Shelby Scott, WBZ reporter known for documenting blizzards, dies at 86

Scott was part of the nation's first all-female anchor team.

Shelby Scott got her start in Seattle, but became an icon as a reporter for Boston's CBS affiliate, WBZ. Tom Landers/Boston Globe

Shelby Scott, the former WBZ reporter known for her storm coverage and for being one half of the nation’s first all-female anchor team, has died. She was 86. Scott died at her home in Tucson, Ariz.

After getting her start in Seattle, Scott moved to Boston. In 1965, The Boston Globe reported that she was the only woman on Boston TV news.

To those that worked with Scott, like her news director Peter Brown, she was seen as both a force to be reckoned with and as a caring advisor to future generations.

“Shelby, as much as she would not want me to say it, was a pioneer — she was a trailblazer in journalism,” Brown told the Globe. “She was a mentor. She inspired so many women and men who wanted to work into TV news. I saw her smile at the line from the young reporters: ‘Shelby, I grew up watching you on TV.’”


While Scott reported on a wide range of topics — and particularly enjoyed stories focused on animals — most viewers associated her with coverage of snowstorms. She used her winter hats to advise viewers. A red cap meant that people should stay inside, while a blue hat advised caution and a white one meant a storm was not too bad.

Scott was synonymous with snow storms to other media outlets as well. In 1996, a report from the Globe compared her height, 62 inches, to the snowfall accumulation totals of past Boston winters. The report wondered if snowfall totals would create a “2-Shelby winter.”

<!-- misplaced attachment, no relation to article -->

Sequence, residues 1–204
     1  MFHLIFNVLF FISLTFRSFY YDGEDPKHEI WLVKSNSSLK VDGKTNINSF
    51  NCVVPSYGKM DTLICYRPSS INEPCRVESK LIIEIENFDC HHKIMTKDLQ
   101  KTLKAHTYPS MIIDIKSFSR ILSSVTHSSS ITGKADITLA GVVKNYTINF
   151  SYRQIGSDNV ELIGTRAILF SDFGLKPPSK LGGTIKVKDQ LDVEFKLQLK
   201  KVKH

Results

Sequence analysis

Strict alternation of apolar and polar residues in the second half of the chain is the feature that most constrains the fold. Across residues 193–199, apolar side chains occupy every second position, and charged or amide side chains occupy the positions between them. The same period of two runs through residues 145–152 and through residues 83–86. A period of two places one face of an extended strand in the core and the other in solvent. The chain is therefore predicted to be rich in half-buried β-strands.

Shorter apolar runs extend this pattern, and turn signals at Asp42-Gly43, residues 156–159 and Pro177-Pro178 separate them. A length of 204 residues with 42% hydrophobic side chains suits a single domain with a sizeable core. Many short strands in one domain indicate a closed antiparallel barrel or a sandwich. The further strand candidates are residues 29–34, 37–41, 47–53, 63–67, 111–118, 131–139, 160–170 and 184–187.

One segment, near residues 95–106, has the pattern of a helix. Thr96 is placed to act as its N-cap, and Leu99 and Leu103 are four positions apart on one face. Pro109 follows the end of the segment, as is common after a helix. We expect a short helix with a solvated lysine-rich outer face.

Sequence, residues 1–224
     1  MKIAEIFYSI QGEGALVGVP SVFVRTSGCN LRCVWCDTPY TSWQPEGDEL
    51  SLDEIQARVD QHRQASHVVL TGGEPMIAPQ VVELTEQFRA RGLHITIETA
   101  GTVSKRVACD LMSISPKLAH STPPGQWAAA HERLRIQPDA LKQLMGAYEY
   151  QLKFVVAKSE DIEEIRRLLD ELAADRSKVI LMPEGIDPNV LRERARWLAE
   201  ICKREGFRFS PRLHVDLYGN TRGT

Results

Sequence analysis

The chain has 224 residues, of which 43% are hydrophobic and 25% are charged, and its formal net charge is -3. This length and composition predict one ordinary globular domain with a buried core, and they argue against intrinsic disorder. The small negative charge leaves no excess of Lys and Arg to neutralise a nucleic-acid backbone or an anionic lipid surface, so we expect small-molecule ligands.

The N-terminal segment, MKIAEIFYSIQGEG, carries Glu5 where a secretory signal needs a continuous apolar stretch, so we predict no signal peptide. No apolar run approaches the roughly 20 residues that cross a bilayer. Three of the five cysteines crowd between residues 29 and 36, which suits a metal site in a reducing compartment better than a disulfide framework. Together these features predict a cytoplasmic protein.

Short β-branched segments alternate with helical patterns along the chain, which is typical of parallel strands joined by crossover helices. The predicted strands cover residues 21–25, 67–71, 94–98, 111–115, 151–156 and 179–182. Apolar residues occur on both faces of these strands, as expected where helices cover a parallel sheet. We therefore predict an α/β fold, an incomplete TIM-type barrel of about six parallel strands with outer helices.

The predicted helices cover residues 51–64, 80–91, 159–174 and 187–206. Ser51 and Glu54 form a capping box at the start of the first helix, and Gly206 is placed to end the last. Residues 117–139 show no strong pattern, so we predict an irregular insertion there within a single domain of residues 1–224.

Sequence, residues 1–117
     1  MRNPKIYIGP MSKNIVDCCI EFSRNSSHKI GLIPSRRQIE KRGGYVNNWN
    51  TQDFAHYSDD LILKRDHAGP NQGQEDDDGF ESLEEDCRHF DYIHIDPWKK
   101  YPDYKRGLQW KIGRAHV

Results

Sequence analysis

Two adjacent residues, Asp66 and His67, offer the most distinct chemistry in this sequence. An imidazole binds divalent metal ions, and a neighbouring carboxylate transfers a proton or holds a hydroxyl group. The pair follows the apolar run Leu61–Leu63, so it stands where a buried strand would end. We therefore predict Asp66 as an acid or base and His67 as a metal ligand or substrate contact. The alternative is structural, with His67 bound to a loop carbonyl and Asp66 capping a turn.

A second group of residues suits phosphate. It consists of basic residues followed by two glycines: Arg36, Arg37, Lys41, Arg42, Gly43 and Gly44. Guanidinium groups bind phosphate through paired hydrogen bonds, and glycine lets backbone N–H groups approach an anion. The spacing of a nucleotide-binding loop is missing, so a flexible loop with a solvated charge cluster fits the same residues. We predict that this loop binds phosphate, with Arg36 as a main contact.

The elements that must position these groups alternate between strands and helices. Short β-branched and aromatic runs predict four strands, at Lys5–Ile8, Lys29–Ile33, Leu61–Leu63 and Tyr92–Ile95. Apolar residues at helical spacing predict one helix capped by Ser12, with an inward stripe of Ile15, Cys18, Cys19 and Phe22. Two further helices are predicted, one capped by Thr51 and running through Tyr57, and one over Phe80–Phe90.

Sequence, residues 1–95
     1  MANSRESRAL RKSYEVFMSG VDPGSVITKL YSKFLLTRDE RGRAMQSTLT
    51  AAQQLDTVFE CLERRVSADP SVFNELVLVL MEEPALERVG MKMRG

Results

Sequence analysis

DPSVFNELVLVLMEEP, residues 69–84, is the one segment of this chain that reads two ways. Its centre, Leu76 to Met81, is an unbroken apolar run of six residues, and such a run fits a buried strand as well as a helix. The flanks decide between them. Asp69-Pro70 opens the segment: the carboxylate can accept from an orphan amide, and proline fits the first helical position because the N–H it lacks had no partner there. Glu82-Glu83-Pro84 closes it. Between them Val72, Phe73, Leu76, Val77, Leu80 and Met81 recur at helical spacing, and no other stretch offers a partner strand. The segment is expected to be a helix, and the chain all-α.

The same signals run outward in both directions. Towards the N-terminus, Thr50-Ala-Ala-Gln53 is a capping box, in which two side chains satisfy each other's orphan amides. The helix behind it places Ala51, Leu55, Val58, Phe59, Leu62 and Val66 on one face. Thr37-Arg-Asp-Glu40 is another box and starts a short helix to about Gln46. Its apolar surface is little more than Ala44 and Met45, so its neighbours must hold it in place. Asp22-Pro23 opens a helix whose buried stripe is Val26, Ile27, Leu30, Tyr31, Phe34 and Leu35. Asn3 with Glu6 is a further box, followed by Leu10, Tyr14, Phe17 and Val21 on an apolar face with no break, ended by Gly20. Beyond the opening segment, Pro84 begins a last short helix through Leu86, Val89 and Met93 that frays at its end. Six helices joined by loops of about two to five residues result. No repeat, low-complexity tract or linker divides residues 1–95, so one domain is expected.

Scott was born as Shelby Schuck in Seattle, but changed her name at the suggestion of superiors at WBZ, the Globe reported.

Scott’s first major assignment in the Boston area was covering the “Great Northeast Blackout” of 1965, which caused millions in New England and beyond to lose power for hours. She eventually worked with Jack Chase on the news at noon, according to her Massachusetts Broadcasters Hall of Fame biography. By 1976, Scott was co-anchoring the 5:30 p.m. newscast with Gail Harris, making history as a female duo.

She resumed reporting in the mid-80s, and retired in 1997. But if a storm was notable enough, Scott came out of retirement for special reports, once again getting battered by icy winds for the benefit of those watching at home.


Scott was elected president of the American Federation of Television and Radio Artists (AFTRA) in 1993. She served in that role until 2001, according to Deadline. Scott helped spearhead the movement to fuse AFTRA with SAG, the Screen Actors Guild.

“In front of the camera, Shelby Scott’s career spanned decades and broke barriers. But it is for her work off-camera as a dedicated union leader that we at SAG-AFTRA will always be most grateful,” SAG-AFTRA National Executive Director Duncan Crabtree-Ireland told Deadline. “Shelby’s legacy is profound, and she will be deeply missed.”

A private family service is likely, according to WBZ.


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